Let me go a bit further. My work as a diocesan bishop and your work as State Deputies is distinct but our work does not run on parallel but separate tracks. We are, in fact, aiming at the same goal: evangelization. The Order is based on four Gospel principles: Charity: God is love; love of God and love of neighbor; Unity: There is One God in Three Persons; One Lord, one faith, one Baptism; Fraternity: In Christ we are sons of the same heavenly father who are called to serve the one another and to serve the broader community; Patriotism: while longing for our true homeland in heaven we seek to create in our earthly homelands a civilization of truth and love. When you think about the fact that our Order is based on four Gospel principles and that we were founded by a holy parish priest who sought to bring men and their families closer to Christ and the Church – then you take everything that is said to you this weekend about membership, about council development, and much more – and see all this as a work of evangelization – as a work of spreading the Gospel. The Knights are the strong right arm of the Church in many ways but the principal way is in helping the Church accomplish the mission Christ gave her: “Go teach all nations and make disciples of them in the name of the Father, and of the Son, and of the Holy Spirit.”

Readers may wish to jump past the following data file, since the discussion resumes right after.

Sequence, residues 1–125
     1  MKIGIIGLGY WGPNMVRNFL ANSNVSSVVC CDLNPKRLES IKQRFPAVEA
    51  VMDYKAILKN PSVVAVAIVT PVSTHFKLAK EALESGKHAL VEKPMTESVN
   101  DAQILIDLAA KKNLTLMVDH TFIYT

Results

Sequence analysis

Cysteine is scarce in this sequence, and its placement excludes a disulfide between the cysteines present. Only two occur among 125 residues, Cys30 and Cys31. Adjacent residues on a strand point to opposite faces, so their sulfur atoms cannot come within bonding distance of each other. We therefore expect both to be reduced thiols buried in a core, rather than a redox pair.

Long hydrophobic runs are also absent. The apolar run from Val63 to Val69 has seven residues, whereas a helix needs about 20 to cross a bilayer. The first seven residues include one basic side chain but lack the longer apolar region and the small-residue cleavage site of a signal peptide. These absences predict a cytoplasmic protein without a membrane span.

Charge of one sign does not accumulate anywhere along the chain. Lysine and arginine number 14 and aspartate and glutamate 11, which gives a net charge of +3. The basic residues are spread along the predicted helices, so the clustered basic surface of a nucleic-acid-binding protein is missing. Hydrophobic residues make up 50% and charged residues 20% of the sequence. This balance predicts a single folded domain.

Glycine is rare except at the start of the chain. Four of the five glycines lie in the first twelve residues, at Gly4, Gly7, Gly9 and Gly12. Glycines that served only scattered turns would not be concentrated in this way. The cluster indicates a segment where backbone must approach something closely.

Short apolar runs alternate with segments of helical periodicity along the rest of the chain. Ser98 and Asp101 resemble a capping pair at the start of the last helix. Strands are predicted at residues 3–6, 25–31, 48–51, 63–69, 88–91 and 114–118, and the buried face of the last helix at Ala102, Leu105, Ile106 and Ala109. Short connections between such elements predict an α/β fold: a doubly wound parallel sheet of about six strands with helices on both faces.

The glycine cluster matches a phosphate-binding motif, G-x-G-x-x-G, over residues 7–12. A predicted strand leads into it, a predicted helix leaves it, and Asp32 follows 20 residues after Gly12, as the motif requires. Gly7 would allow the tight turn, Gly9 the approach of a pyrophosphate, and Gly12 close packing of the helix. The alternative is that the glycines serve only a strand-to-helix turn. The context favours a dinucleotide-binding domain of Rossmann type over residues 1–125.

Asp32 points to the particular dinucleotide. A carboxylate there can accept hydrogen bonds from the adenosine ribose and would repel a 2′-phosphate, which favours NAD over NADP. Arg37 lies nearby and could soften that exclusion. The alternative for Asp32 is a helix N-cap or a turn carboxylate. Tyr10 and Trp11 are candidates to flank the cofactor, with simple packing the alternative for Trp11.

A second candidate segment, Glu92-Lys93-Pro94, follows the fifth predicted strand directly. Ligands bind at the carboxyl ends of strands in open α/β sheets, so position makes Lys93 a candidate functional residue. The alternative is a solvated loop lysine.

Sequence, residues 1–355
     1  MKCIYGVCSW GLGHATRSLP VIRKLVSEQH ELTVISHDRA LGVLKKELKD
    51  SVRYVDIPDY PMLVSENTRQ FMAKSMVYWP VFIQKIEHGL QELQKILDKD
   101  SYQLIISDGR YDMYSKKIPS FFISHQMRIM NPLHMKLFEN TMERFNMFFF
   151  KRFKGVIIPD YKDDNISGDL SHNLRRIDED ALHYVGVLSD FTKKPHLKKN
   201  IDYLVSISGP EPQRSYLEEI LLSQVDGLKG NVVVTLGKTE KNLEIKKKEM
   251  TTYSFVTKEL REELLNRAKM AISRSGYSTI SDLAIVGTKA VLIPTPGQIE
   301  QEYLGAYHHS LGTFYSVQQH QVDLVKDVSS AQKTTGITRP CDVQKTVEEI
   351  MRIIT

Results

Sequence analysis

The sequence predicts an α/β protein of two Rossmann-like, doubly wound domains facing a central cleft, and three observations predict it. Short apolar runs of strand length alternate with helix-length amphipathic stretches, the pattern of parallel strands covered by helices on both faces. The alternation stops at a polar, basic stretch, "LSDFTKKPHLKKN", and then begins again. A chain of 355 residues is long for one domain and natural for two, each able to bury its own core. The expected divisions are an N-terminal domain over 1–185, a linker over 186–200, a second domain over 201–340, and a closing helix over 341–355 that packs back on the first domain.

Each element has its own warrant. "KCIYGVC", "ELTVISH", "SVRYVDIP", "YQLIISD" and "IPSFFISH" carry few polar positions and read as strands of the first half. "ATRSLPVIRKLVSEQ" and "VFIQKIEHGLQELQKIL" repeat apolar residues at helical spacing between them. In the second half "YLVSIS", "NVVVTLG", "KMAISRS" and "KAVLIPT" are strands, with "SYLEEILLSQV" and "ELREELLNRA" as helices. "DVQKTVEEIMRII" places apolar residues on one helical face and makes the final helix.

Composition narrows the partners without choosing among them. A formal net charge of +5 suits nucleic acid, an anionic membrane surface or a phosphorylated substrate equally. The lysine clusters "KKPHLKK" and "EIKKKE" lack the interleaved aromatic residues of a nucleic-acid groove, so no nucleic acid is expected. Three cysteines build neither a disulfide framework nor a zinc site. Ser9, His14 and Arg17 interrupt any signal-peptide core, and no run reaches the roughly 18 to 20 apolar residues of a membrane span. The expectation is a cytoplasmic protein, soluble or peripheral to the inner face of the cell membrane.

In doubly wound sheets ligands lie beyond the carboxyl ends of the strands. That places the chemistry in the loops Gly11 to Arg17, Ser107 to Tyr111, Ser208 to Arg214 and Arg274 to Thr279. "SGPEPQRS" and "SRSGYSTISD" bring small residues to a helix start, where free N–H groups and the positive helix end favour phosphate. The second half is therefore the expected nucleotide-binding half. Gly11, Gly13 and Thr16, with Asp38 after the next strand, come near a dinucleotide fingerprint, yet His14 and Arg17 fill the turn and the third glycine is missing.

And where do we start in the work of evangelization? Pope Francis has told us two things: First, that we must be missionary disciples, followers of Jesus who have undergone what he calls ‘a missionary conversion’. Second, that every organization in the life of the Church, whether it’s a parish or a school or a Knights of Columbus Council – must also undergo a missionary conversion – it must be wholly given over to the work of spreading the Gospel of Christ & bringing people into His Body the Church.